Wednesday, June 9, 2010

Sunglasses and a Savior

I think I’m a little late with the spring fever. I’m always the last one to fall into the latest trends.

(I heard somewhere that oversized sunglasses are in? Is that true? I'm just not sure I can go there yet.)

I think it is spring fever because I seem to have lost my motivation for anything. ANYTHING.

So, I’m making a list. Maybe if I document at least the passing thoughts through my brain, then maybe I can then check some of it off and feel like I’ve accomplished something.

My list is of things that have been on my mind that are truly post-worthy, but I haven’t been able to finish one single post. I’ve started several hundred of them. “Started” is the key word. Apparently “finish” has dropped out of my vocabulary lately. Along with the words “diet” and “exercise”. Oh, and “work.”

My list is a reminder to me that if I ever do get back to my regular posting and don’t have anything to talk about, well, here’s a place to start.

But who am I kidding? By the time I get back around to anything I’ve started and not finished, the beginning of a hundred other things will have taken their place.

And so it goes.

My list of totally unrelated things to which I should have dedicated entire individual blog posts:

1. So, I have a new car. It was truly an ordeal. It took about a month to actually get it to my driveway. I haven’t quite found the balance between the joy of a brand new car and the sickness of car payments. Does anybody ever feel like they got a good deal on a car? Really? I mean, people who sell cars do it all day every day. I buy a car once every five or six years, if that. How can I win with those odds? Anyway, we simply HAD to buy a new car because I couldn’t keep buying new sunglasses every week. It seems on two separate occasions with two different pairs of sunglasses, I left them in cars we test drove. So, two lucky new car owners got a free pair with their new car purchase. Now that’s a deal.

2. One day when I’ve lost all my inhibitions I’m going to write a book about all things your minister will never tell you. There are lots of sub-topics under this one, but lately I’ve been thinking about weddings. ONE: never, ever schedule a church wedding in December. Yes, the holiday decorations make lovely pictures, but the sanctuary is already booked every Saturday in December for all the extra choir rehearsals and programs. If you want the minister to focus solely on your special day, do it during a season when nothing else is going on. June is good. TWO: You pay the band for making music at the reception, why not pay the guy who sings the sweet love song during the ceremony? Unless, of course, the guy singing the sweet love song is the groom, then paying him would be weird. THREE: Pick up after yourselves. Or at least ask your mom and dad do it for you after you’ve gone on your way to honeymoon paradise. For the rest of us, coming to church on Sunday after a Saturday night wedding and finding dress hangers, empty panty hose packages, pins, flower petals, and cans of hairspray sitting in your Sunday School class seat or in your choir chair is a little unnerving sometimes because it leads the mind to think of people changing clothes (and thus, in their underwear) right here in the very place I’m trying to, well, not think of people in their underwear.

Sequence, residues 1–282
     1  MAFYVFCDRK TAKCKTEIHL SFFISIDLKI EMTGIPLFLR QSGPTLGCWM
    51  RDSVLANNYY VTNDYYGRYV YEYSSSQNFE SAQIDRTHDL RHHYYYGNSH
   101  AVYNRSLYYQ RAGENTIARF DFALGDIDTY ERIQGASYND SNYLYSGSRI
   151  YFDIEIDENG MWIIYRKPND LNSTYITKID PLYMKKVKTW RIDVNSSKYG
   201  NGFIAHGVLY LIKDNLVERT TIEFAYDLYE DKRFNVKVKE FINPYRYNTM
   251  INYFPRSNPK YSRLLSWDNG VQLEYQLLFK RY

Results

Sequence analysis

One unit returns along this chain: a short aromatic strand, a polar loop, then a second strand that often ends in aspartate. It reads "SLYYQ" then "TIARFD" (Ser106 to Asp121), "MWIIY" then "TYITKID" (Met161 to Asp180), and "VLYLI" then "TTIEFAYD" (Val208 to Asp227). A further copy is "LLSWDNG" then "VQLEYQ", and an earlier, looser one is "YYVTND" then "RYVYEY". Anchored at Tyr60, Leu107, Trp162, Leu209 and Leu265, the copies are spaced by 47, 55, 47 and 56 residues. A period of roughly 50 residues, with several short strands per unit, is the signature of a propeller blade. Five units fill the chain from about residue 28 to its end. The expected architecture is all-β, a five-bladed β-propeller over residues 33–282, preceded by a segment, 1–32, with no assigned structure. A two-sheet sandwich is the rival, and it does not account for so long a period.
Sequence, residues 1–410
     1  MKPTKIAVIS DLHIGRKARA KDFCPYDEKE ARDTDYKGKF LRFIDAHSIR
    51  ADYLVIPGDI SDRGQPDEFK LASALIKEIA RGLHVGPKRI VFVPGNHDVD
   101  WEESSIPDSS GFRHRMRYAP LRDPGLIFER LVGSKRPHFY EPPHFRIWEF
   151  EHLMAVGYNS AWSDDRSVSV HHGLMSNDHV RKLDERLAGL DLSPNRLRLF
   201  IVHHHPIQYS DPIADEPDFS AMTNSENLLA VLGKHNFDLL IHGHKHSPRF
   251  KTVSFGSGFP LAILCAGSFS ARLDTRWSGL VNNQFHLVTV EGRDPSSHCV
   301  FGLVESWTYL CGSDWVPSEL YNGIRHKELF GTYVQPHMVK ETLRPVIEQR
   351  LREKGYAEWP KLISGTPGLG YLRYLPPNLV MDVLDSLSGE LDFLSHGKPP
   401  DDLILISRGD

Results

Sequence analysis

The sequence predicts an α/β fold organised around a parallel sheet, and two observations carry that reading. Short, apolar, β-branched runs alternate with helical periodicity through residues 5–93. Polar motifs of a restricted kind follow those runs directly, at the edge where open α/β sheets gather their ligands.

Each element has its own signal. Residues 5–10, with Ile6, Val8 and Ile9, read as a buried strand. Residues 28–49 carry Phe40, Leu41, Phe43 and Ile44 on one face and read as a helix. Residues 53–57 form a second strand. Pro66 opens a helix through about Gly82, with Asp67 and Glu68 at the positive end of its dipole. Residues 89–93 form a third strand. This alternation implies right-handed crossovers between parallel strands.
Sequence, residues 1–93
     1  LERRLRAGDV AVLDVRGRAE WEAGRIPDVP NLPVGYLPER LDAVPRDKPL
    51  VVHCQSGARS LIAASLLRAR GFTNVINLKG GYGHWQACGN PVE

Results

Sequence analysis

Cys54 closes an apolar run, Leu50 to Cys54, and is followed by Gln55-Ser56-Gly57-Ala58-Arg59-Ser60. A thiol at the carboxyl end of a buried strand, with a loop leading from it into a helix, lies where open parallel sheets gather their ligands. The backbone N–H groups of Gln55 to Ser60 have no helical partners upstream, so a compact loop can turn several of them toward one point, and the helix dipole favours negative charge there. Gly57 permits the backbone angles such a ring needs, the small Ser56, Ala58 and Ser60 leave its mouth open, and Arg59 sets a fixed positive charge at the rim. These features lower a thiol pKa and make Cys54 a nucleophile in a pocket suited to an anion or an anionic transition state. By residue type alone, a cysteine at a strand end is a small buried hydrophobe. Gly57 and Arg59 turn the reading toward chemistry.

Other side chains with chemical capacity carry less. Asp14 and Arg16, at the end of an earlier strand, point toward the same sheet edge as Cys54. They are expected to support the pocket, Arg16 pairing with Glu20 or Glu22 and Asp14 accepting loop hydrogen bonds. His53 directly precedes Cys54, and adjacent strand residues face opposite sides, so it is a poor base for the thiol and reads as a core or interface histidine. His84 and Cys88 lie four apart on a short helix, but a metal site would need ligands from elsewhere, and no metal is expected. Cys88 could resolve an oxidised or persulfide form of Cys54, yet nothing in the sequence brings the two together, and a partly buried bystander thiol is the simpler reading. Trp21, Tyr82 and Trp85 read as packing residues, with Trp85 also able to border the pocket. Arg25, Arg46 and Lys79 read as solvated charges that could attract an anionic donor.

3. What on earth have I have I got to complain about? I have a friend my age that’s been fighting cancer for several years and the battle is getting harder every day now. I have another friend my age that fought a seizure demon and had several years of victory, only to have it seize her again. I have a friend I went to college with whose wife has been on a respirator. These are people in their 40’s. I have younger cousin whose Air Force soldier husband was just sent to Iraq for six months. I can’t even keep track of how many times he’s already been over there. She’s home with her 2 girls.

Did anybody see the Life Today program a few weeks ago where Beth Moore was talking about being in a doctor’s office waiting room anticipating an appointment where she would get some test results? One of her daughters was with her and passed the time by reading all the medical brochures in the waiting room. You know, the ones that inform you of all the different kinds of cancer and diseases. Her words were, “He knows it’s scary to be us.”

Indeed, He does.

Stress over things like losing my sunglasses to making car payments.

Frustrations of being married to a minister.

People all around me who have a special need for comfort and care and healing.

God knows it’s scary to face all those things. And He doesn’t want us to face them alone.

All praise to the God and Father of our Master, Jesus the Messiah! Father of all mercy! God of all healing counsel! He comes alongside us when we go through hard times, and before you know it, he brings us alongside someone else who is going through hard times so that we can be there for that person just as God was there for us. We have plenty of hard times that come from following the Messiah, but no more so than the good times of his healing comfort—we get a full measure of that, too. 2 Corinthians 1:3-5 The Message

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